Maneštra: a hearty bean-based soup

Kristin Vukovic

Renowned for its premium truffles, olive oil and wine, Istria – the largest peninsula in the Adriatic Sea, located in north-west Croatia – has a strong Italian influence and is known for its gastronomy.

Croatian cuisine varies greatly by region, but every part of Croatia has a dish served “na žlicu” – meaning “on the spoon”. In Istria, it’s maneštra, a thick and hearty bean-based soup that uses seasonal ingredients to make a healthy, uncomplicated lunch.

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Maneštra is often served for marenda, a light, affordable meal eaten between breakfast and lunch. During marenda – a ritual as important for Croatians as teatime is for Brits – workers across Istria take a break, usually around 10:00 or 11:00, and during this sacrosanct time, nothing much gets done. Historically, farmers would take the opportunity to sit together and eat a calorific meal made by the mother of the house so they could have the energy to finish a long, intense day labouring on their lands.

Now, some chefs are going back to basics and focussing on the bounty of the land. A recently opened restaurant from the Croatian American Penavić family (who also own nearby Stanzia Baracija and Clai Winery) is elevating the peninsula’s local cuisine. Restaurant Stara Škola (“Old School”), housed in a renovated old elementary school in the Istrian village of Krasica, is introducing diners to local ingredients used in surprising ways. But the restaurant also stays true to the region’s roots with homestyle dishes like maneštra, a staff favourite that will be on the menu during spring and summer 2023.

At Restaurant Stara Škola, Swiss-born, Canadian-raised chef Priska Thuring has introduced a five-course menu based on seasonal Istrian ingredients. Thuring has 24 years of experience as a chef and has worked in prestigious hotels, resorts and restaurants in Switzerland, Canada, England, Germany and Croatia (Dubrovnik, Rovinj and Zagreb). Her personal life initially brought her to Croatia, and she recently put down roots in Istria, which she describes as “a small Tuscany” that is still unspoilt.

“My whole life, I’ve been searching for a place,” Thuring said. “The one place I felt at home was Istria.”

Priska Thuring has introduced a five-course menu based on seasonal Istrian ingredients at Stara Škola (Credit: Studio Partum)

Priska Thuring has introduced a five-course menu based on seasonal Istrian ingredients at Stara Škola (Credit: Studio Partum)

Maneštra is one of her favourite Istrian dishes. The soup usually has a base of beans, potato and sour cabbage; variations can include chickpeas, young corn, wild fennel, barley, lentils, split peas, sour turnips (fermented turnips), prosciutto bone or dried pork tongue. “You can add any vegetable you like – usually the sad looking ones in the back of your fridge that you have forgotten about, you will not go wrong, depending on the season and what you need to use up,” Thuring said.

This low-waste ethos runs through the restaurant, from dishes that utilise the entire ingredient (“from head to tail”) to composting. In Thuring’s five-course menu, ingredients are repeated in courses – the white part of a leek might be used in one course, and the green part used to make an oil for another course. She prioritises fresh, local ingredients; some might look slightly misshapen for one purpose but work perfectly for another, which forces her to get creative with whatever produce comes in.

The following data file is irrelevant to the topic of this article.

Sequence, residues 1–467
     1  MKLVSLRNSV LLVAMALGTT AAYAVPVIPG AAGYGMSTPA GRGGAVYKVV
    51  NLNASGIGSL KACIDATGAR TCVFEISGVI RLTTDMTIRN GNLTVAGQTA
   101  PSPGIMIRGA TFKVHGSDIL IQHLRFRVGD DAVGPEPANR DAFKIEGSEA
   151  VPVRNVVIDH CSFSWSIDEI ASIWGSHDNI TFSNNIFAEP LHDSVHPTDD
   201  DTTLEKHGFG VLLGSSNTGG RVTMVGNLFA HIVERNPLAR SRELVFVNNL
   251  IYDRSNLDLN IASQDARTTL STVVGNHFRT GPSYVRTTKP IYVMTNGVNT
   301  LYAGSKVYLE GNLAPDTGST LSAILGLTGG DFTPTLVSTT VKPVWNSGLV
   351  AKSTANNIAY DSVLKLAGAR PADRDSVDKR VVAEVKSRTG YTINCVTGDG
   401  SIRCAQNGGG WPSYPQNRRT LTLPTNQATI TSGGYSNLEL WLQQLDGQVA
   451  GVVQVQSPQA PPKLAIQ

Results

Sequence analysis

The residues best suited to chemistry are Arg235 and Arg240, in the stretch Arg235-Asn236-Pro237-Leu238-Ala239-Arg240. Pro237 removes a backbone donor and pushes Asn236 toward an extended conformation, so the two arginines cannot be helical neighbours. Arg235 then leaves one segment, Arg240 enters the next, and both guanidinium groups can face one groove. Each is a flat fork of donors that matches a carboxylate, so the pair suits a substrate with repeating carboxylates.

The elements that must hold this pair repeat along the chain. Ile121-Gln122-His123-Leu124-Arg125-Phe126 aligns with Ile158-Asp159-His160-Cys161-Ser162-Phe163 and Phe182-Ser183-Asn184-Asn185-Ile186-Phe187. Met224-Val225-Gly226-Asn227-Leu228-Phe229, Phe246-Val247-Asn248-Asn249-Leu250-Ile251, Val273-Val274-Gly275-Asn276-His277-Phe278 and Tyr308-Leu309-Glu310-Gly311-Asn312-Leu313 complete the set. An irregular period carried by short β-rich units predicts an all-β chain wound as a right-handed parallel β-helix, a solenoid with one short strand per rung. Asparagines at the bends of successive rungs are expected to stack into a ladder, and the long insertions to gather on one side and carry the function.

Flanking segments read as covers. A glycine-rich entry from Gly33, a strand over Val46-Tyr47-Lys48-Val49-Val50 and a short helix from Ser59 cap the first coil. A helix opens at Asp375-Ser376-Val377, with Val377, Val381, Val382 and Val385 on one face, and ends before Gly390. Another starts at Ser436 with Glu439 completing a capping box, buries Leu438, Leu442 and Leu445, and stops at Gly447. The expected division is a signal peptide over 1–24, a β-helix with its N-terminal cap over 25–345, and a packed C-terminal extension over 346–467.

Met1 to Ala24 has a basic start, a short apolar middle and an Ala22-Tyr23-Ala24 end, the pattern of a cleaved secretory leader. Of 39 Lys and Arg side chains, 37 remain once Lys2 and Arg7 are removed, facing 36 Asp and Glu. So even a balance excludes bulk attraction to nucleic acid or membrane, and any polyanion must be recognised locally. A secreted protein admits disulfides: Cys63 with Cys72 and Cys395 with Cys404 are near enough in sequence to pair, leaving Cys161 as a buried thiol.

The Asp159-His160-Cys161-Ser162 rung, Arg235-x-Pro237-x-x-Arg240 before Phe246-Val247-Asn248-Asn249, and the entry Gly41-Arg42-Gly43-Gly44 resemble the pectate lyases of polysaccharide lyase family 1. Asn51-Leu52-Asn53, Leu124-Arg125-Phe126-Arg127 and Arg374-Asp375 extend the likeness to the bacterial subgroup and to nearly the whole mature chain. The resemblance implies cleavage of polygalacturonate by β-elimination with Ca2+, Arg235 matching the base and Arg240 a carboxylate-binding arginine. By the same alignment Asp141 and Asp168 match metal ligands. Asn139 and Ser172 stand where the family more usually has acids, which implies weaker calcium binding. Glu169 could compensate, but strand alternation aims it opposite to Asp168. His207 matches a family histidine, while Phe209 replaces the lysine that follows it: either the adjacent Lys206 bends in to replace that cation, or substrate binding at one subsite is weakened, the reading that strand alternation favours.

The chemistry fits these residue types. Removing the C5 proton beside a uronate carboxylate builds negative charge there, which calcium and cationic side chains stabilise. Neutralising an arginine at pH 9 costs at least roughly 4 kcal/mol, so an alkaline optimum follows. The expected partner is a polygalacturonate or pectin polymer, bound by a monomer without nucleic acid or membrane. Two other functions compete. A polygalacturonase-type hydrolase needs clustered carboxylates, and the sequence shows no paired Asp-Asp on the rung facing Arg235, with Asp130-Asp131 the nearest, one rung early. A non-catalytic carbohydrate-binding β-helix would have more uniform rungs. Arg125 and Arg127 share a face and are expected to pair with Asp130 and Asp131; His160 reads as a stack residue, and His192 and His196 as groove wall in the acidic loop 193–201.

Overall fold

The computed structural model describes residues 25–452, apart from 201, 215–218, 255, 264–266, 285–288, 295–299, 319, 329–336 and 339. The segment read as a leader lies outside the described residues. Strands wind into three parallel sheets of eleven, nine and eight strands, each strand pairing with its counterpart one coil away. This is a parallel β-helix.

Just prior to the restaurant’s opening, she accepted peppers from a farmer to help him use them up because no other restaurant would use them for plating. Her team experimented by fermenting the peppers with cabbage, and ultimately decided to make a mild green kimchi with them. 

Sourcing locally grown and raised ingredients is becoming increasingly difficult because managing a small farm is hard work and takes a lot of time, and fewer people want to do this type of work for lower pay, Thuring explained. “The whole [restaurant] concept is based on the product, so you have to get to know the people,” she said, emphasising that she seeks to elevate newer and established local producers in addition to well-known Istrian brands. Eventually, she hopes to grow and produce many of the ingredients in their garden so the restaurant will be close to self-sustaining in the next decade.

Istrians, like Italians, love to eat, and sitting down to share a meal is an important part of the culture. When Thuring came to Istria, she learned about marenda and the importance of slowing down and taking a break to enjoy a staff meal. “To sit down and eat, that is an important thing.”

Maneštra usually has a base of beans, potato and sour cabbage (Credit: Stara Škola)

Maneštra usually has a base of beans, potato and sour cabbage (Credit: Stara Škola)

Maneštra recipe
By Priska Thuring

Serves 4

“You can use any bean you like; as the beans cook, they thicken up the whole soup,” Thuring said.


Step 1
In separate bowls, soak the dried beans, chickpeas and lentils overnight.

Step 2
The next day, drain the beans, chickpeas and lentils. Fill a large pot with 4 litres of water. Add the beans and chickpeas to the pot along with the bay leaf (and pork bones, if using). Bring to a boil.

Step 3
After about 15 minutes, add the lentils, carrots, celeriac, turnip, leek, onion and garlic. Season with salt and pepper. Simmer uncovered until the beans, chickpeas and lentils are tender and soft.

Step 4
Once the beans, chickpeas and lentils are fully cooked, add the kale and cabbages and cook for another 10 minutes. Check for seasoning and serve.

Most of the employees in Stara Škola love spicy maneštra, so they add fresh chillies or homemade hot sauce and serve it with freshly baked bread.

Courtesy: BBC